In the second you can see Ralph Hudson's Suzuki behind the nice W1 Kawazaki in the forground. His bike is clearly missing the prominent air intake that he ran in Bolivia; it's interesting that the fairing seems shaped to send some air inbetween the nose and the upper surface of the mudguard ...
Thanks for sharing Ronnie.
This last one is a pic I took at BUB 2014 ... It's a ZXR1400 I think, blown as well. It popped to mind after seeing how the Al Lamb bike has that Roman Nose thing going on:
Can't remember how fast it went, but that year was really slippery so powerful bikes weren't even cracking 175mph, wheel spinning the whole way. Stop the press! Just found this, https://www.youtube.com/watch?v=H5e-i4afrgo
, he went over 200mph in 2013 which was the total opposite of 2014, it was hard and fast!
Posted: Wed Nov 20, 2019 10:22 pm
Thankyou for posting them up Russell,,
Unfortunatly I didn't spend any real time around Ralphs bike, as I was more interested at the time in Hiro Kiso and the other Japanese team who were running bodywork similar to Hiro's (both Harley Davidson powered),, (Rus, I will email photos for you to post)
As thay were pitted adjacent to us, I spent more time noseing around in Als pit,, his bike appears more like a fat knife as apposed to the farmilar teardrop shape, similar to Denis's 7,,
Posted: Fri Nov 22, 2019 9:58 am
Good as gold Stayt'ie,
The photo's below are from Bonneville 2019, taken by Stayt'ie; comentary is mine ...
The first two are Hiro Kiso and the other Japanese teams bikes ... interestingly they look just as wide, if not wider than the two across the frame four cylinder bikes of Lamb and Hudson ... their fully exposed front wheel/fender is similar to the Hudson bike in contrast to the Lamb bike that has the main fairing coming a bit more forward (as seen by the cutouts it needs so the wheel is free to steer side to side, seen in a previous post). The Japanese bikes definitely seem rounder and less flat knife blade like:
and Al Lamb's Honda from behind:
From this view it's no wonder Al Lamb says it can be a handfull in cross winds.
Thanks again for sharing Ronnie.
Posted: Sat Nov 23, 2019 3:40 pm
Just taking a short break from fairing design and metal shaping to work on a better system for actuating the clutch; the idea is to do away with the left foot operated clutch so i can put two feet on the ground when starting off and coming to a stop.
Harky suggested an electrical linear actuator (he's using them for the outriggers on his feet forward bike) but I remembered I'd bought a cheap electrical sissor-jack from eBay last year and thought I'd give that a go ... it's just wedged in there at the moment, but it works well I think:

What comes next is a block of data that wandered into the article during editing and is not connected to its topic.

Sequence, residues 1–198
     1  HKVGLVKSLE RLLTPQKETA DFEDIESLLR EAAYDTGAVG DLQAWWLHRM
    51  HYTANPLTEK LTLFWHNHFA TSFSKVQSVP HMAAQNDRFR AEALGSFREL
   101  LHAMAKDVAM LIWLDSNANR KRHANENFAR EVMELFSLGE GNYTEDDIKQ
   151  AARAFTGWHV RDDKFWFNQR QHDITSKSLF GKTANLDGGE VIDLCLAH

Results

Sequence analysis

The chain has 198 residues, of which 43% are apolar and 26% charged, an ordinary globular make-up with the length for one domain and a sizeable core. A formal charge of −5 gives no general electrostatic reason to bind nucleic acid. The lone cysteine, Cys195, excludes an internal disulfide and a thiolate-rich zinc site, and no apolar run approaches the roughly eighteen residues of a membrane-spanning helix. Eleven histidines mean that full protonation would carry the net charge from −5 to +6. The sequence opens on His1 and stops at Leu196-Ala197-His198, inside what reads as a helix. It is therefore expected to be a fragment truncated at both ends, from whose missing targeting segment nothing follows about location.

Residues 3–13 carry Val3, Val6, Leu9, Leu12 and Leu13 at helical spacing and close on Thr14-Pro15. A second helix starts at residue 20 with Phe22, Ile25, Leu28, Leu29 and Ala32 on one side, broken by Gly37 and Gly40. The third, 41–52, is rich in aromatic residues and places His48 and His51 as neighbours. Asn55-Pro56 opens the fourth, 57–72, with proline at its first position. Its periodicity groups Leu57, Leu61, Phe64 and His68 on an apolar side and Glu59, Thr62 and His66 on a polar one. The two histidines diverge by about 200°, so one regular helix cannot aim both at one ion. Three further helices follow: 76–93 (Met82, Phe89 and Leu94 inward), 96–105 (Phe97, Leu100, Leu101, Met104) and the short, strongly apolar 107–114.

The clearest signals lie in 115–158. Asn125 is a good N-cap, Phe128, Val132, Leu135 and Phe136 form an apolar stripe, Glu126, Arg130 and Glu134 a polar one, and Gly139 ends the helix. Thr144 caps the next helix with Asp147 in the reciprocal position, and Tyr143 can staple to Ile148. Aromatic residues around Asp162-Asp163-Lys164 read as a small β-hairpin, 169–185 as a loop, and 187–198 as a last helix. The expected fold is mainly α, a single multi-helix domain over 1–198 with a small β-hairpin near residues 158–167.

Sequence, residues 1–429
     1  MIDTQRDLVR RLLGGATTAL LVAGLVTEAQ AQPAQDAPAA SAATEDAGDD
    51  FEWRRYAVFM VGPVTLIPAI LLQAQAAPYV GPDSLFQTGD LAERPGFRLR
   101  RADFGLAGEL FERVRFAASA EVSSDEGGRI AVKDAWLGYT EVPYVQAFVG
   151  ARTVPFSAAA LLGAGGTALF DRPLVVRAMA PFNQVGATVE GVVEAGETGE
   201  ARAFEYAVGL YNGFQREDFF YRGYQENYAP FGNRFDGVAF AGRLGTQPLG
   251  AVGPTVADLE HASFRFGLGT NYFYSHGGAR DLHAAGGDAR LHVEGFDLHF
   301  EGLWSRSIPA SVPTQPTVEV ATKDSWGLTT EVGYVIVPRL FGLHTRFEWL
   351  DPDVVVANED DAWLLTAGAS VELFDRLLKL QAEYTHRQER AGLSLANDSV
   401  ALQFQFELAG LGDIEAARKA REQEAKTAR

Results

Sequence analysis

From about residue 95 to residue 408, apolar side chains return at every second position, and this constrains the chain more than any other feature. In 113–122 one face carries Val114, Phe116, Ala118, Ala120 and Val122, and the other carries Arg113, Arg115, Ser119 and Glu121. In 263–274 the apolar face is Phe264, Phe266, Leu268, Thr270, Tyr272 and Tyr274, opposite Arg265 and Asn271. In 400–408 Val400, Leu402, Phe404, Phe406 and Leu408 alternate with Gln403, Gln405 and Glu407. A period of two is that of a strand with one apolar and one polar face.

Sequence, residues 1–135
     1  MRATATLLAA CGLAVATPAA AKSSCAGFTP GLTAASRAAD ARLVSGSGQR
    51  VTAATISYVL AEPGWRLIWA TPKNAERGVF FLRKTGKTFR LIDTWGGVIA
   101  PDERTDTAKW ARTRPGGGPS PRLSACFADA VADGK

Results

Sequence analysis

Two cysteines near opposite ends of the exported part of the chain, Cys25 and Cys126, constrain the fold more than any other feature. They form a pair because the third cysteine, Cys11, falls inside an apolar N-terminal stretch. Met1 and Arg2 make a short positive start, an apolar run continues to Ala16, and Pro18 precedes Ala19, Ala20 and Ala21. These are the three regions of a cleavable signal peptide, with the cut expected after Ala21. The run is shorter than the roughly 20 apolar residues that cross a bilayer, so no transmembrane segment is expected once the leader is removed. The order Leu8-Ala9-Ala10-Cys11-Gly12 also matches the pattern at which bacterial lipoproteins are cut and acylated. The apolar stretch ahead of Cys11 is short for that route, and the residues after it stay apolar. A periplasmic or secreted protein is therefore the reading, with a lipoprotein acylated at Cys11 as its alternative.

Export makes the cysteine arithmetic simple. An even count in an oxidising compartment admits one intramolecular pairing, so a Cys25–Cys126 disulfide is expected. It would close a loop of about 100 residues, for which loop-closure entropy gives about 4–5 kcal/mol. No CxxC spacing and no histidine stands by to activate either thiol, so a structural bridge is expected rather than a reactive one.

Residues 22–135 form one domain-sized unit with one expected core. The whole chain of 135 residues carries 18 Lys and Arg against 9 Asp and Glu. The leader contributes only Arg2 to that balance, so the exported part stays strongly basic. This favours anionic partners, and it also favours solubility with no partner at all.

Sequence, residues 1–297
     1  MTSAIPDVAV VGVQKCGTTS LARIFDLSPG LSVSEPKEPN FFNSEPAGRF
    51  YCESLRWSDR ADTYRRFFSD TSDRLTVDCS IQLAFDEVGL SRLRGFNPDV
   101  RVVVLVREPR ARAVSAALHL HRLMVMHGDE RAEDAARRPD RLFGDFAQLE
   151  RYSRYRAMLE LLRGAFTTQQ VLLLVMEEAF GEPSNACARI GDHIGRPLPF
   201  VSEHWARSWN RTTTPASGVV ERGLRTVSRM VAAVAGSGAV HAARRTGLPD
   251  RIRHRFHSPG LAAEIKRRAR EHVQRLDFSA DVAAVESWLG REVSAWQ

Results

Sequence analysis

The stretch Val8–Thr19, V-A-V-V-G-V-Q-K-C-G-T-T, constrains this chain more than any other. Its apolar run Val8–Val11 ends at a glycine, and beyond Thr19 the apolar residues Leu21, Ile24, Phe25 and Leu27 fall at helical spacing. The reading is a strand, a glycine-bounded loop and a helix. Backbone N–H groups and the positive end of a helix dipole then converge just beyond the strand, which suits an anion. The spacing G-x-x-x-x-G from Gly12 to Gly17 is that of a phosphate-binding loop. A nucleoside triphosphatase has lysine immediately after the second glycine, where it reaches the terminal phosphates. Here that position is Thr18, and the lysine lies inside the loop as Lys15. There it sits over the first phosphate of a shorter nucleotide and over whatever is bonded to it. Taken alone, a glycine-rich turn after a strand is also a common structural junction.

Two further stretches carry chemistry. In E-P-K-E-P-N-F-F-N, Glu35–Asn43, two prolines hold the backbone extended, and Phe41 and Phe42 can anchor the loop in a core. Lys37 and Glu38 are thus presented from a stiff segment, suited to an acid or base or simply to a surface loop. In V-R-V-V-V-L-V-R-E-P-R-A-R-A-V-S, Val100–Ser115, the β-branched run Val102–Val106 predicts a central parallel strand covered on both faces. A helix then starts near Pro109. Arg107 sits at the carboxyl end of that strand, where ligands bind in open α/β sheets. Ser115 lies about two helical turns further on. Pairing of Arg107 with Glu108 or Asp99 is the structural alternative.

I'll set up a handlebar mounted toggle switch and the two cutouts at the front and back of the pivot arm there so it won't go too far in either direction.
Nothing has changed (re the master cylinder and mounting) from the manual foot pedal operated version so if this doesn't work on the salt I can throw the pedal back on and keep going.
I'll post a video soon.
Posted: Sat Nov 23, 2019 7:38 pm
maybe a touch button both ways , you can regulate that easier , ie leave it at a slip point longer , i have a toggle on the linear actuators on my trailer roof ,and it is too easy to bump it from up to down even with the N point in between .m
My trainer wheels( on the FF bike ) are at the Mk 4 stage it’s really painful
Posted: Sat Nov 23, 2019 10:17 pm
Yeah, a momentary rocker type switch is what I was thinking; definitely need to control/hold the slip
... but it is very tolerant.
Give us an update on the trainers! MKIV? I, for one, will need to know when I cut the front end off for a feet forward 2021 attack.
Posted: Mon Nov 25, 2019 9:28 am
A video of it in action, and a image of the mounting finished (it's bolt on so I can get rid of it easy if it doesn't work as expected):
and the pic:
You can see the limit switches in the green rings at the bottom ... they need to get adjustable mounts around the pivot arm and the handle bar switches need sorting ... and probably also a heat shield needs making to protect it from the header pipe which isn't that far away from the back side (the back cover of the sissor jack motor is is plastic, as is one of the gears inside it). Should also try and salt proof a few openings where the wires come out of the motor part, cos it will get in otherwise ... I mounted it upside down in the end, to give a better line to the pivot point, but it does place the motor nearer any salt that kicks up from the front wheel which is not ideal.
As an indication of how much force is involved, the 6mm steel plate that the clutch slave cylinder sits on and pushes back against flexes a little bit when pushing against the clutch spring ... so I'll stiffen that up a bit too. It should make the actuation more direct and predictable ... #should. Thats next.
Posted: Wed Dec 04, 2019 7:03 pm
Hey Russ, your a natural. Looks very professional.